The Fold Review

The Fold
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This book's premise is amazing, and it is the reason I picked it up from the masses. I'm always up for a good YA cultural tale. I'd never even heard of the fold surgery. Part of me has always been curious as to what Asians thought of their different looks (their eyes, in particular) in contrast with Americans. I imagined it would be something that either didn't bother them too much, or if it did, it was only a small bother. I never thought this Asian eyes issue was of this magnitude, with ample surgeries going left and right trying to "correct it". For raising awareness to this topic, this book deserves an A+.
I didn't love this novel. Why? Joyce wasn't that compelling a character. I'll be the first to say this was an important story to be told (read my paragraph above), but the overall execution didn't do a lot for me. More often than not, I was bored with Joyce's voice. The central issue in her life is this prospective plastic surgery, and while she's off obsessing about it, we've got so many more interesting characters making appearances but never interesting Joyce enough to explore their stories more. Examples:
Joyce's older, more beautiful sister, Helen, is the "perfect daughter". She's got a lot built up inside of her, which is blatantly obvious, but almost none of it is ever explored. Helen, despite always being pressured to do better every time, has an amazing, complex, and mature outlook. I would've read an entire book about her if given the chance.
Gina, the best friend. Here's a girl so sure of what she wants, but who has to work extra hard for it because of her family's financial problems. She works and has to keep her grades in tip-top shape at all times in order to get into college. Aside from all this, she's no more than a secondary character in the entire novel whose only purpose is to aide Joyce in the life-or-death situation that the surgery seems to be.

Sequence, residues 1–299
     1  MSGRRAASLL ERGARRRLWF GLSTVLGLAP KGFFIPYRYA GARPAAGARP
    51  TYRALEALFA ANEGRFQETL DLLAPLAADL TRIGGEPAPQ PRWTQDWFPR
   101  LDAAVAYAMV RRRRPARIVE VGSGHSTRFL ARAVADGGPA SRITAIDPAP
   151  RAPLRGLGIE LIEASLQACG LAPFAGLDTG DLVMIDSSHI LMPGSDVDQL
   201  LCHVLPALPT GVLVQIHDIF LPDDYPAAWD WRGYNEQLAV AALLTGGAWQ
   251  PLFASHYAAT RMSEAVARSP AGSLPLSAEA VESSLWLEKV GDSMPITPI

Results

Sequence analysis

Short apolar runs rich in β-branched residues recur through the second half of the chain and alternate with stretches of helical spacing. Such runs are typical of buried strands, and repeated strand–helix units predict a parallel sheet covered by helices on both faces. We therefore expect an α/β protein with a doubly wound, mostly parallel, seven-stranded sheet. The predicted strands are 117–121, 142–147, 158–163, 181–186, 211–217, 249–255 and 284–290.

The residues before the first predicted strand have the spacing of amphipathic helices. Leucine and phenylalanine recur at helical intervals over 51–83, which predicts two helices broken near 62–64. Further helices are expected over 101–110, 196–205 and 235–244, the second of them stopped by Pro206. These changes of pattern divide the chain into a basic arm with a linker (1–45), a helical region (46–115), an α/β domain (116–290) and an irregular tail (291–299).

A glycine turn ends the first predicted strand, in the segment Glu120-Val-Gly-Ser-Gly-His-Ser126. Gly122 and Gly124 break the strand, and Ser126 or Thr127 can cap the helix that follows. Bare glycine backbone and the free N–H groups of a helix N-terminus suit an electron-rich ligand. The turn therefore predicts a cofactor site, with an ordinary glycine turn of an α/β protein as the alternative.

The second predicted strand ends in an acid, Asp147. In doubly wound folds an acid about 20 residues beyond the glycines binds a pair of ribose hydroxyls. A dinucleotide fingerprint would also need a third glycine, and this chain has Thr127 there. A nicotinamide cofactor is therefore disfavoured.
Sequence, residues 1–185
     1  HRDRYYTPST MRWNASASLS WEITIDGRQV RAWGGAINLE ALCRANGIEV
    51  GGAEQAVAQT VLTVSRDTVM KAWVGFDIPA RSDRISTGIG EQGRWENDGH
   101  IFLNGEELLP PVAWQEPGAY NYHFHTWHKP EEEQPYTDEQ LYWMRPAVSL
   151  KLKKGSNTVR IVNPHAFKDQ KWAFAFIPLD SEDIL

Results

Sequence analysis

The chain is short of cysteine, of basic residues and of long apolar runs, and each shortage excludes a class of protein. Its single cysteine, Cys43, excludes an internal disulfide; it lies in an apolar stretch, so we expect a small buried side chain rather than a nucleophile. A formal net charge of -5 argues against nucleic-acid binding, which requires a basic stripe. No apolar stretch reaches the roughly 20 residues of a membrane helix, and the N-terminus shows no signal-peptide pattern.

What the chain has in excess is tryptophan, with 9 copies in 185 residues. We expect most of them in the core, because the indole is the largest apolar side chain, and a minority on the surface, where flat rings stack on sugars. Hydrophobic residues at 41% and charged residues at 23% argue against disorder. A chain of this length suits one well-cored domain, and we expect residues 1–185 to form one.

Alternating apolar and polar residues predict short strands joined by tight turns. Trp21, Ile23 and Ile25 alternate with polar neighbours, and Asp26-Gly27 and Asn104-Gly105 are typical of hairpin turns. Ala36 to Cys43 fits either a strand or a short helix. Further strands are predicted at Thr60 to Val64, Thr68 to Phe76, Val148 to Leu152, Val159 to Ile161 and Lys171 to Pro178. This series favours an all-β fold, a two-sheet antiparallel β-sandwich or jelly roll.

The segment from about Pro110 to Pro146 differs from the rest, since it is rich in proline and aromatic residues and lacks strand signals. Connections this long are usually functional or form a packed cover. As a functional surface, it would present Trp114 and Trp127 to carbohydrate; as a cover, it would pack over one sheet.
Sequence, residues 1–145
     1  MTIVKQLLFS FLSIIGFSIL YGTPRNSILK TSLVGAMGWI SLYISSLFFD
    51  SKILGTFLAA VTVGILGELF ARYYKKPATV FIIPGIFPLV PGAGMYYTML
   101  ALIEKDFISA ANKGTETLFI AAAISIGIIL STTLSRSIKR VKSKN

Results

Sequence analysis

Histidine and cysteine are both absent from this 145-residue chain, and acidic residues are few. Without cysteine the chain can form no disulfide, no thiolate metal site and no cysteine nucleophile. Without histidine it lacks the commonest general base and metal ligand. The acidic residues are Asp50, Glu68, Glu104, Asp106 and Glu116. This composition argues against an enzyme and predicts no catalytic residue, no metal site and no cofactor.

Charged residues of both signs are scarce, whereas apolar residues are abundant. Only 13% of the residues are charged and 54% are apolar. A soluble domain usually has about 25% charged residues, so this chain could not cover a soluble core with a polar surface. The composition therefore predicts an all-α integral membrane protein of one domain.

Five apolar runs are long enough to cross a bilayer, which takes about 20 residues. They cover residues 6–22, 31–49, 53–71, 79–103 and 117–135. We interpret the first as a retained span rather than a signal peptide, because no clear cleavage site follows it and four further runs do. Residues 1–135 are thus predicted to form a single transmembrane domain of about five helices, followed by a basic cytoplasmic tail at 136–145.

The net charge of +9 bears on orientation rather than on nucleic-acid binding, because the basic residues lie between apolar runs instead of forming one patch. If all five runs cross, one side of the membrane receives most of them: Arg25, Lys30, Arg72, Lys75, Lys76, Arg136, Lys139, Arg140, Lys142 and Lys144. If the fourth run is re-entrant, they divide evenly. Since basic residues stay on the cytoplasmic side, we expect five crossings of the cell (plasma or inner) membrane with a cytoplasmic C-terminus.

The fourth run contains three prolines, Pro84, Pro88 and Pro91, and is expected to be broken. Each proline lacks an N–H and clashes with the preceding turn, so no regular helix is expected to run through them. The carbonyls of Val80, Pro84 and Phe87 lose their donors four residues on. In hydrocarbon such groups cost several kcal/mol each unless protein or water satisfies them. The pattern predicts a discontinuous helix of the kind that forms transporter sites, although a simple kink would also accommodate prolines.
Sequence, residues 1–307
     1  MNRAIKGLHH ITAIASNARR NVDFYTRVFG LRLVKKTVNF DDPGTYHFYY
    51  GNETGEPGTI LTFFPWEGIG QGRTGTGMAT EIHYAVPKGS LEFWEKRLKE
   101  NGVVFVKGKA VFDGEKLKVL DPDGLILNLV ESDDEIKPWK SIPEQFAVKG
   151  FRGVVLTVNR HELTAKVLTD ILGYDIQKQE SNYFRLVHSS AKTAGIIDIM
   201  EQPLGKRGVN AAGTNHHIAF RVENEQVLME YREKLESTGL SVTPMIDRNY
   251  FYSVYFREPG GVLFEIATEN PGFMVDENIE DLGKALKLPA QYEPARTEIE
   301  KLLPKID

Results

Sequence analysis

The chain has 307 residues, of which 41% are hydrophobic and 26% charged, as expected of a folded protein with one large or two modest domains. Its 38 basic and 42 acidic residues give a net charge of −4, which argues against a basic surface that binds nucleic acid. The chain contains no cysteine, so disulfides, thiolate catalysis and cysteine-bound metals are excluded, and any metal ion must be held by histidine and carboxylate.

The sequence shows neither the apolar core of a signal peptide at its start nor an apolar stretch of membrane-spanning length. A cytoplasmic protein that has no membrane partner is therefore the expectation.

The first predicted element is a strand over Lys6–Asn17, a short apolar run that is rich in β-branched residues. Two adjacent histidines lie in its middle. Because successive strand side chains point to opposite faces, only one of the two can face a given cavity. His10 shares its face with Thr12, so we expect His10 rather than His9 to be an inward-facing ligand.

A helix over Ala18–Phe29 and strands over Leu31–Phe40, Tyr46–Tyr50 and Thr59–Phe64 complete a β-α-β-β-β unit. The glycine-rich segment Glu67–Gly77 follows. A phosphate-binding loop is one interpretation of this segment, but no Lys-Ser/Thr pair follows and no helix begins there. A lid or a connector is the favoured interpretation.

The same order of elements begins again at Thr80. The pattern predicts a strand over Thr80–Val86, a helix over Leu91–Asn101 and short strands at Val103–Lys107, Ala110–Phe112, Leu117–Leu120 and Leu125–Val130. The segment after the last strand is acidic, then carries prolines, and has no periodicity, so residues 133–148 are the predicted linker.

Gomo, the aunt who offered to pay for the plastic surgery. Far from perfect, but she's always got the best intentions at heart. During the brief point in the book where we're allowed to look into her past, we can see she's got so much compelling history, it's a wonder it didn't pop up more.
And those are only off the top of my head. It would've been easy to implement those characters' stories in with this novel's third-person narrative, but for some reason, all we get is Joyce. I wish she'd realized some time or another that the reason she's so insecure is because she spends interminable amounts of time overanalyzing her every facet. No plastic surgery is going to fix that. What she really needs is a hobby.
The ending was a little forced, but I liked it. I think she chose what she did for the right reasons and maybe it's a step in the right direction for her.
I am giving this three stars because I judged it as an important book, and for that purpose, it fell short. It's a highly readable novel, but it didn't stir me nearly enough as it should've or make as big a point as I was expecting. Maybe it's good for entertainment. I'm afraid I'll never know, because I started it expecting something groundbreaking, and those are irreversible expectations. But maybe.

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